Organising the distribution of an estate and dealing with probate is not a quick process, even with very straightforward wills, but rushing the distribution of an estate can have serious consequences for executors. The Executor’s Year is an accepted time frame (12 months from the date of death) to allow executors and administrators time to gather information together and check for potential claims and debts before the estate is shared amongst the beneficiaries.
Many beneficiaries do not realise that there is no obligation to distribute an estate before this period and they can often put pressure on executors to release funds before a full assessment has been made of assets and liabilities. In normal circumstances the primary concerns of the executor, in the initial months after death, should be:
- settling debts including utilities
- paying any Inheritance Tax due
- looking for any additional beneficiaries/claimants
- safeguarding the assets of the estate.
If an executor is pressurized to release funds before this 12-month period is up and they make a serious mistake, they will be held liable.
In 2014 the executors of Terence Guy were ordered to pay HMRC over £14,000 from their own pockets, because they had inadvertently under declared Mr Guy’s income. There had been an initial delay in the query on income from HMRC and by the time it was confirmed that his income had been underestimated and there was an Inheritance Tax shortfall, the executors had already distributed the estate.
It is advisable for executors/administrators to use the Executor’s Year wisely and not rush into allocating the assets of the estate, even when under pressure to do so. Even after the Executor’s Year has ended, the court will not order the distribution of an estate if there are added complexities, such as foreign assets, private company shares or the ongoing sale of a property. In these circumstances the executor/administrator will be asked to give reasonable justification for a delay so it is important to keep accurate records. Beneficiaries are also likely to get a better outcome if they don’t place undue pressure on executors during this 12-month period.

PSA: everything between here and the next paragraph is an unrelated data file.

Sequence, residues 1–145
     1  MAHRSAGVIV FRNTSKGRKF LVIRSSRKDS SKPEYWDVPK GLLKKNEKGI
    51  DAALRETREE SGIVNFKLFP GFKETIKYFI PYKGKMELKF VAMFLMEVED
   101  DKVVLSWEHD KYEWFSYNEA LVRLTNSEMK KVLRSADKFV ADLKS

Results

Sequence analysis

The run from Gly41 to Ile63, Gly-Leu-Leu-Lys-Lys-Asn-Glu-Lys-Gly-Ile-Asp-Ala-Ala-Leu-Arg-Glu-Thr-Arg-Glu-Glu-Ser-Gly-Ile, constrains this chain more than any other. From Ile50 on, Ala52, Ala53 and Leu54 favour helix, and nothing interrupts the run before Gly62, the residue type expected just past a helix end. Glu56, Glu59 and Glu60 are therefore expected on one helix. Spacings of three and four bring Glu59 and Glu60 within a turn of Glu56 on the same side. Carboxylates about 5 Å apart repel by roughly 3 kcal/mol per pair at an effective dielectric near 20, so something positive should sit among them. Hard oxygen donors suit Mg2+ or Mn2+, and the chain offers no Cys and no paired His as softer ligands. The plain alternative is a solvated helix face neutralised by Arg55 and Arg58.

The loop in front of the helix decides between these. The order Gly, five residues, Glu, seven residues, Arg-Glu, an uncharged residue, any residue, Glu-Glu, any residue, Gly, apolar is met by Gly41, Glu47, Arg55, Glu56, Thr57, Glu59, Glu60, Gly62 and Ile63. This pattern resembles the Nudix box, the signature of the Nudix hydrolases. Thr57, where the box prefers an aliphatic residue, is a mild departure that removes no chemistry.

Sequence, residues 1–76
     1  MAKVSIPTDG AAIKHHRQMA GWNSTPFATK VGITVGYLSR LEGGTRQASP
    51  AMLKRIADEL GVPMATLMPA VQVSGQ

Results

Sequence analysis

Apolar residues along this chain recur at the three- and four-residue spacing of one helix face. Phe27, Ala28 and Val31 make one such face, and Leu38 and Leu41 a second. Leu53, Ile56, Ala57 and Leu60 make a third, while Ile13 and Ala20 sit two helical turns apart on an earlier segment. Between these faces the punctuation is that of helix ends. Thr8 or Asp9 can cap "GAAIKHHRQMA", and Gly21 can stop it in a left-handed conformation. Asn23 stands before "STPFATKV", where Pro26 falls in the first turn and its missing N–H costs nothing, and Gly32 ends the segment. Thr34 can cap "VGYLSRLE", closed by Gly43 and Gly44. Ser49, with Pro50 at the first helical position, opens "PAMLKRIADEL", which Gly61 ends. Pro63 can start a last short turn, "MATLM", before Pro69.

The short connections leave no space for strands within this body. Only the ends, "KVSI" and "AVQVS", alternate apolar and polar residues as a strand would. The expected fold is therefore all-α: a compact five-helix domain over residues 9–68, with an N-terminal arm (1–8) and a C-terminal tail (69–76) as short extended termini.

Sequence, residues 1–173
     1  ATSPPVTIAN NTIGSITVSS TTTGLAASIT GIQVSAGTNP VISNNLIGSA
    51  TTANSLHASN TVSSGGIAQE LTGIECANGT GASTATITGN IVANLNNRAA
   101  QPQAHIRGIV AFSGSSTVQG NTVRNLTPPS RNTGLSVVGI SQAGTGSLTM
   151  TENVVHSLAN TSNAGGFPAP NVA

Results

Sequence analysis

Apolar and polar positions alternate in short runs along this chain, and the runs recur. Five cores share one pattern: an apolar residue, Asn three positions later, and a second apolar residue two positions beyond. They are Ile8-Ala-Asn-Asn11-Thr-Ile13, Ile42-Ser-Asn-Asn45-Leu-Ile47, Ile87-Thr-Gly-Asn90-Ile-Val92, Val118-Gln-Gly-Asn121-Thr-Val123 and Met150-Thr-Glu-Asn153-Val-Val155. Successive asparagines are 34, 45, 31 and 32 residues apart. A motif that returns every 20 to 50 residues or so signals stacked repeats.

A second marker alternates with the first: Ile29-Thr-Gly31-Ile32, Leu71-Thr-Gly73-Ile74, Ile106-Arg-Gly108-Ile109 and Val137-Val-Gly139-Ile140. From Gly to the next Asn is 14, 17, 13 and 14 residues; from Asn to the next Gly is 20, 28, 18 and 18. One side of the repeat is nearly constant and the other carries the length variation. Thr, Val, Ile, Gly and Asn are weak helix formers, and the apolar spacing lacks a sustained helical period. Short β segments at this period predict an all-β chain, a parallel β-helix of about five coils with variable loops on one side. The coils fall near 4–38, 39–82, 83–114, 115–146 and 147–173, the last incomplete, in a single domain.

There is a notable exception to the Executor’s Year – the Provision for family and dependents (Inheritance Act 1975) was put in place to offer early financial support for dependents of the deceased. For instance, it ensures any children under 18 are provided for swiftly in the event of a death of a sole carer. In these circumstances a court can order the partial or complete release of funds or property before the end of the Executor’s Year. The timeframe in these circumstances is six months from the Grant of Probate (rather than from the date of death).
About the author
Guy has worked in the insurance profession for over thirty years, initially in the London Insurance market as a broker and subsequently as a Lloyd’s Members’ Agent. He set up private client insurance brokers Castleacre in 2005. Castleacre is the first company in the UK to offer indemnity insurance to lay executors – in direct response to clients who had become executors but could not find suitable cover on the market. If you have would like to know more about executor liability insurance or to contact Guy click here. If you wish to view the Executors Insurance blog click here.